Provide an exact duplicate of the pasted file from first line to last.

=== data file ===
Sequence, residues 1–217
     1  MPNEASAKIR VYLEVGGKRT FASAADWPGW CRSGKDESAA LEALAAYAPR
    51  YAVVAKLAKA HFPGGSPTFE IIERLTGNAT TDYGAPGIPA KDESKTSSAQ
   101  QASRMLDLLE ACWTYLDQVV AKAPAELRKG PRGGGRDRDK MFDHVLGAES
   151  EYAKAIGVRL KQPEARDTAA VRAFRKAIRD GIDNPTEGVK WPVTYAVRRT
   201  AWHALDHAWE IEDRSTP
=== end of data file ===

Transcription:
Sequence, residues 1–217
     1  MPNEASAKIR VYLEVGGKRT FASAADWPGW CRSGKDESAA LEALAAYAPR
    51  YAVVAKLAKA HFPGGSPTFE IIERLTGNAT TDYGAPGIPA KDESKTSSAQ
   101  QASRMLDLLE ACWTYLDQVV AKAPAELRKG PRGGGRDRDK MFDHVLGAES
   151  EYAKAIGVRL KQPEARDTAA VRAFRKAIRD GIDNPTEGVK WPVTYAVRRT
   201  AWHALDHAWE IEDRSTP